|A snowy morning drop-off, the Wald Kindergarten is just to the right, in the forest.|
We had our first Elterngespräch
(parent-teacher meeting) with Edwin's teacher from the Wald Kindergarten
(forest kindergarten) this week. The teachers at the kindergarten are really wonderful, they are warm and friendly, and enthusiastic about their work. It was a really nice opportunity to sit down and hear how they feel Edwin is doing 3 months in. Especially in a situation like ours, new country, new language, new people and new environment, I was eager to hear more in depth about how things were going.
The first three weeks of kindergarten were particularly hard. It started out well, Edwin loved being outdoors all morning and he was excited about the new experience. He had been in daycare in Montreal so I wasn't too concerned that the separation would be an issue—it never was there. This time, however, was a different story. After a couple of days of me staying at the kindergarten and then leaving for an hour or two he started to get upset. He realized that this was going to happen everyday, and saying goodbye to me was not something he wanted to do. Of course, I understood. And, having the flexibility in my schedule, I ended up staying at kindergarten with him for 3 weeks. It was pretty intense. The most difficult part however was the fight every morning to get him out the door. As soon as he realized were going to kindergarten it was an uphill battle. I know this is not unusual, but it made me feel really awful. I would bike uphill the whole way to kindergarten, towing him in the trailer, listening to him cry and yell, "I don't want to go to kindergarten!! I want to go home!!". What was I doing to my child? He didn't need to go to kindergarten, he could stay home with me, we could make it work. Was he not ready for this yet? Was the new language too much? Was he too young? Was I being selfish wanting to get some work done in the mornings? I know these feelings of guilt are also not unusual for parents to feel. However, amplified by the fact that we'd moved him half way around the world and stuck him into a new situation that he never wanted or asked for, those bike rides to kindergarten every morning were just brutal.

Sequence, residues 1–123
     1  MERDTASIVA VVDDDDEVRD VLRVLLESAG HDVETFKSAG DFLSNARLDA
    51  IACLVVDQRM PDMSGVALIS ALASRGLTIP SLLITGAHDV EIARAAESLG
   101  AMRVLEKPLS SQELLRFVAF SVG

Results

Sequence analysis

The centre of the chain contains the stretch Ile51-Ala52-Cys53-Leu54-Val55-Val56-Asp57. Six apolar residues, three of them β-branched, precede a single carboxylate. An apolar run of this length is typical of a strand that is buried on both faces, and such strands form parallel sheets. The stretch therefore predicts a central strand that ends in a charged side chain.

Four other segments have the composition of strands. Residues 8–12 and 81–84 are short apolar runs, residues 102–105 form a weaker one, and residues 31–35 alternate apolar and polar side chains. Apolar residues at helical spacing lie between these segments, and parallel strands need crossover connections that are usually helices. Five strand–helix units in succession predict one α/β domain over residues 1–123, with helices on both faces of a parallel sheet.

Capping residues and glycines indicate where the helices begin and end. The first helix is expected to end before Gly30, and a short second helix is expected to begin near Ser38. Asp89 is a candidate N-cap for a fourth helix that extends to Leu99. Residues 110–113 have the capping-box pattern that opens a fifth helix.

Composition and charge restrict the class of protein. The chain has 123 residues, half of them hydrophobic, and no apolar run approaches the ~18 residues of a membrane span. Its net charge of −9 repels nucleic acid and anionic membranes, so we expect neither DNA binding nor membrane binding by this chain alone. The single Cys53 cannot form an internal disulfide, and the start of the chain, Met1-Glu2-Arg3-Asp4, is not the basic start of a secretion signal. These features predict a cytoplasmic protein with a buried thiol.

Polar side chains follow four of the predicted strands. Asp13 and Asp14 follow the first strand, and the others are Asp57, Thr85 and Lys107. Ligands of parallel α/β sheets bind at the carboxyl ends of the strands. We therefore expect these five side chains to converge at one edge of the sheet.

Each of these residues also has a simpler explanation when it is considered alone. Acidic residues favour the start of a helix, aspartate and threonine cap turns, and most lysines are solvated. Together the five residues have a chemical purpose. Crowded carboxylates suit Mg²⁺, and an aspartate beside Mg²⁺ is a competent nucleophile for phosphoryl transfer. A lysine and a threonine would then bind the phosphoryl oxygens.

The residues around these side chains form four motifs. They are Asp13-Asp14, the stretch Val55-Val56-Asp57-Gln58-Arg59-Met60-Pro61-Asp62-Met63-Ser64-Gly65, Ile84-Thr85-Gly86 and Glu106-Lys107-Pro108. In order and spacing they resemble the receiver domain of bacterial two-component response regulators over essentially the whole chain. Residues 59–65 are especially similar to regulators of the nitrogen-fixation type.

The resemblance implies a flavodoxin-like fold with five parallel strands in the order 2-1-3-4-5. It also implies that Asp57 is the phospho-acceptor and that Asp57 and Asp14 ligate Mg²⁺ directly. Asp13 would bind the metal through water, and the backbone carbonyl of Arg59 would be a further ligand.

|Eddie's favourite day of the week is Friday, because it's Werkzeugtag (Tools Day)!|
Fast forward to today. Edwin, dare I say, looks forward to kindergarten. He has come out on the other side of the struggle and found his place among the other 19 children. He is understanding more German, speaking more German and making friends. He is absolutely thriving in his new environment, and that makes me sooooooo happy. His teachers describe him as friendly and caring, energetic, curious, open, flexible, and funny! These are all things we know him to be at home too, and the fact that he can be so open and his true self in a situation that could have caused him to turn inward, is a real testament to his spirit and the innate resiliency and adaptability of children.
I was listening to an interview on the CBC
the other day about the benefits of "free range" parenting. Something that really struck me was when the interviewee (a self-described "free-range" parent) said, "Learning happens on the edge of understanding." I thought about that statement for a long time. The struggle that Edwin went through, and that all kids go through, when beginning something new and beyond their understanding is an opportunity for them to learn. As parents it's our job to support our children in these new situations—but not to rob them of the opportunity to struggle, grow and learn—as they come to understand something that was once unknown to them.